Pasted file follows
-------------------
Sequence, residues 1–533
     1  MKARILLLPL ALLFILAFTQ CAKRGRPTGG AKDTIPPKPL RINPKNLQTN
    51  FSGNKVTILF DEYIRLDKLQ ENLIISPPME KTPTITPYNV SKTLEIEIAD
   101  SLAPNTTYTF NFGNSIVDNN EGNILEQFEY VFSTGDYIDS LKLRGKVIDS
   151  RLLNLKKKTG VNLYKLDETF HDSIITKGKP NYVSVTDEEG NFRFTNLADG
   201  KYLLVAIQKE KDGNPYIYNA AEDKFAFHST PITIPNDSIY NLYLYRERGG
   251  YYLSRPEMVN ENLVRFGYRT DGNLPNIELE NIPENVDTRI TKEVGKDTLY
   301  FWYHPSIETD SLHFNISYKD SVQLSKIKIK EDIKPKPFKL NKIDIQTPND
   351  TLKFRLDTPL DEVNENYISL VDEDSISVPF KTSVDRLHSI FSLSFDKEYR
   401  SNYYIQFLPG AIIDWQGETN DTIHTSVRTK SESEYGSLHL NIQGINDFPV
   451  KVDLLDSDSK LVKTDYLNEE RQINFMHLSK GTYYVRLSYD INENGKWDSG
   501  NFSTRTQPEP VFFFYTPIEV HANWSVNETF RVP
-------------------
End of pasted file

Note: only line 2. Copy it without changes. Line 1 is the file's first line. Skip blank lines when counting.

     1  MKARILLLPL ALLFILAFTQ CAKRGRPTGG AKDTIPPKPL RINPKNLQTN